I have lived for 20 years in a home with a sandy loam soil garden. In my horticultural vocabulary, I call this cream! A beautiful soil without stones in which I can dig, dig, dig without ever getting tired! Paradise, you say?
However, my soil is sandier than loamy, which means that I have to give up on certain plants that are looking for very rich and more consistent soils. Quickly, I discovered what I call “my palette” (like a color palette). This is a list of plants that are perfectly happy in my home and that I plant in abundance. In this list, there are rhododendrons, blueberries and, of course, conifers! Then, bungalow obliges, my interest fell on the dwarf conifers.
Why Are These Perfect Plants?
On the beautiful site of the American Conifer Society , there is a precise definition of what a dwarf conifer is. A dwarf conifer is said to have an annual growth of 1 to 6 inches (2.5-15 cm) in length, and after 10 years of cultivation will reach a maximum of 6 feet (1.5 meters) in height. A miniature conifer is even smaller, with a growth of less than 1 inch (2.5 cm) per year and a maximum size of 1 foot (30 cm) high after 10 years.
This very slow growth makes them the most docile plants there are. No danger of being invaded by dwarf conifers! Also, they require no pruning. Their natural shape is an important factor of their charm. That little twisted side or flattened top is what best defines the dwarf evergreens in my garden. I couldn’t see myself pruning perfect balls and party hats out of them.
You could tend to believe that dwarf conifers are all the same which is boring, but it’s quite the opposite. There’s a plethora of shapes, foliage colors, densities that allow you to create very interesting layouts with only dwarf conifers.
In the laidback gardener department, it doesn’t get any better! No bugs, no diseases, no pruning, no fertilizer! This really is bliss!
My First Dwarf Conifers
It must be said that I was introduced to dwarf conifers by a precious friend and mentor. Passionate about these little beasts, he produced them and left on my doorstep half a dozen magnificent specimens that are almost all around today. In front is a dwarf form of the Japanese red pine (Pinus densiflora ‘Umbraculifera’). After 20 years of growth, it is now a beautiful ball of 5 ft (1.5 m) in height. A little bald on one side, because it’s leaning on a large Colorado spruce, it remains splendid all the same.
Also, in the front of the house was what I believe used to be a miniature Japanese white pine (Pinus parviflora ‘Glauca Brevifolia’). I was anticipating its beautiful narrow pyramid shape. But this beautiful baby with bluish foliage has succumbed to family life: it was not a good idea to play leapfrog with my pretty dwarf pine…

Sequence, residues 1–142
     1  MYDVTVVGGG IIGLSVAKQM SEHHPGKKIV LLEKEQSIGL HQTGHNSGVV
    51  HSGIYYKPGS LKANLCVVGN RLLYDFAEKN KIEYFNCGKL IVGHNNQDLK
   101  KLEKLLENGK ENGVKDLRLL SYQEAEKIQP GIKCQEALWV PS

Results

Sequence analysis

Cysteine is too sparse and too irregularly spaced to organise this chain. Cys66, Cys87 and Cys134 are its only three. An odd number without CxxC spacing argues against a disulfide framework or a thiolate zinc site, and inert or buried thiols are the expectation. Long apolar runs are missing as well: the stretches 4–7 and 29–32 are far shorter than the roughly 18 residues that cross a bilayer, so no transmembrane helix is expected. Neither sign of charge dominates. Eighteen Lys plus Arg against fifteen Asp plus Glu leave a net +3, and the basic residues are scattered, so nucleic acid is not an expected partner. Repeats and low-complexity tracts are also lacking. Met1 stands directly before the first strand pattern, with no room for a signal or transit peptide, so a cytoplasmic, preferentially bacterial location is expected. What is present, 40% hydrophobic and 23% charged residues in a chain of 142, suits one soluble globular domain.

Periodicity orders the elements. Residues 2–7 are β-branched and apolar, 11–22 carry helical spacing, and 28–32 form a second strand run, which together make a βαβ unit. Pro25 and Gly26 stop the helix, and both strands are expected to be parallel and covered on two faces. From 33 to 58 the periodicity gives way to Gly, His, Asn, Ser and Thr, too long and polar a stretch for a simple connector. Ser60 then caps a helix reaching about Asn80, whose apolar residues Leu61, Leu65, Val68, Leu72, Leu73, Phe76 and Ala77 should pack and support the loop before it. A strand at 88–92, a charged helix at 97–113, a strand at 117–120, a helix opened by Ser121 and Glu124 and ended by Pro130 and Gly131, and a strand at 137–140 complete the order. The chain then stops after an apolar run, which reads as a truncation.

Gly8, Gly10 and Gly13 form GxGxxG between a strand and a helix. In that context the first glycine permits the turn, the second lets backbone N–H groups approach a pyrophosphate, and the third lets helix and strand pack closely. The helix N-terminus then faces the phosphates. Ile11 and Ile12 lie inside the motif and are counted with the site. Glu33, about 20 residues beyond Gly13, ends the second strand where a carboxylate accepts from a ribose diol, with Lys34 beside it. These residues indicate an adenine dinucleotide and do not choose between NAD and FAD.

Then, in my backyard, my greatest pride: a bristlecone pine, probably ‘Hortsmann’ (Pinus aristata ‘Hortsmann’). This one resonates in my heart because I was fortunate enough to see its ancestors in real life in the depths of the Rocky Mountains of Colorado. These are conifers that are often thousands of years old and resist the worst weather conditions. Mine looks like a small bonsai with two trunks. A little crooked, it was 28 inches (72 cm) tall when I planted it 20 years ago. It now measures 30 inches (78 cm)! Each year, it loses some of his needles. It’s the tips of the branches that are leafy! And every time I see it, I think of the Bristlecone Pines of Windy Ridge.
In this beautiful collection, there’s also a weeping larch (Larix decidua ’Pendula’) which hasn’t yet revealed its full potential to me. I must admit that I planted it in total shade. And larches, in general, are full-sun conifers. Still, it’s no more than 6 feet (1.8 m) tall and even if it’s a bit unfurnished, it’s still a favorite.
My Current Selection
I think eastern hemlocks are my favorite evergreen. No wonder I was interested in these dwarfed variants. Even though my ’Gent’s White’ hemlock now reaches 13 ft (4 m) in height, I still consider it a dwarf version of the conifer we find in our forests. My new baby is the weeping hemlock (Tsuga canadensis ‘Jeddeloh’) which will reach about 18 inches (50 cm) in height and 36 inches (80 cm) in width when mature. In truth, I’ve been coveting the ‘Cole’s Prostrata’ hemlock for years, which has a more miniature shape, and the same drooping habit. After a few years of fruitless search, I had to resign myself to this slightly larger version.
I’m also in love with my dwarf white pine with bluish foliage (Pinus strobus ‘Glauca Nana’) which is a natural dense ball that has yet to reach 6 feet (1.8 m) yet. The foliage is light. The needles are a little shorter than the species and they have a slight bluish sheen. It’s more of a bluish green than a steel blue! I particularly appreciate the beautiful carpet of needles that covers the ground at its feet, as do all the white pines of this world!
I’ve also set my sights on a few beauties that will soon be appearing in my garden, including the dwarf fir (Abies balsamea ’Nana’), with its tiny needles that gives the plant a clownish look (don’t ask me why, it’s really what comes to mind when I see this plant!) Possibly a small spruce ‘Little Gem’ (Picea abies ‘Little Gem’). Then, I’ve been thinking for a long time about replacing my deceased Japanese white pine with a dwarf mountain pine (Pinus cembra), but from the top of its 25 feet (10 meters), it can no longer be called a dwarf conifer!
In this adventure in the universe of the dwarf conifer, you should be well aware that some of these small shrubs end up exceeding the measurements promised on the labels, as this article specifies . Unsurprisingly, Larry was also in love with dwarf conifers ! Laidback gardeners unite… again!